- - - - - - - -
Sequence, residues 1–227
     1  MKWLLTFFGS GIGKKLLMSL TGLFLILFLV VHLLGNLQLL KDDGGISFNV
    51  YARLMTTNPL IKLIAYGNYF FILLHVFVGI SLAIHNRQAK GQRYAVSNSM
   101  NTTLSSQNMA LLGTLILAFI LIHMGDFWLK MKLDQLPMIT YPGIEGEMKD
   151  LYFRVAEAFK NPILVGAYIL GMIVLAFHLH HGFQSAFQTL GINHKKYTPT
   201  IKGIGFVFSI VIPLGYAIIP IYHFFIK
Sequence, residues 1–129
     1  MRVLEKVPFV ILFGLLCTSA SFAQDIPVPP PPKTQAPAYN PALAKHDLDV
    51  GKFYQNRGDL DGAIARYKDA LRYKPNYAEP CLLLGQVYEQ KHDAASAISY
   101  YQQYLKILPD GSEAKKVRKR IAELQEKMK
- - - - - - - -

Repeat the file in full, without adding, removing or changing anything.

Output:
Sequence, residues 1–227
     1  MKWLLTFFGS GIGKKLLMSL TGLFLILFLV VHLLGNLQLL KDDGGISFNV
    51  YARLMTTNPL IKLIAYGNYF FILLHVFVGI SLAIHNRQAK GQRYAVSNSM
   101  NTTLSSQNMA LLGTLILAFI LIHMGDFWLK MKLDQLPMIT YPGIEGEMKD
   151  LYFRVAEAFK NPILVGAYIL GMIVLAFHLH HGFQSAFQTL GINHKKYTPT
   201  IKGIGFVFSI VIPLGYAIIP IYHFFIK
Sequence, residues 1–129
     1  MRVLEKVPFV ILFGLLCTSA SFAQDIPVPP PPKTQAPAYN PALAKHDLDV
    51  GKFYQNRGDL DGAIARYKDA LRYKPNYAEP CLLLGQVYEQ KHDAASAISY
   101  YQQYLKILPD GSEAKKVRKR IAELQEKMK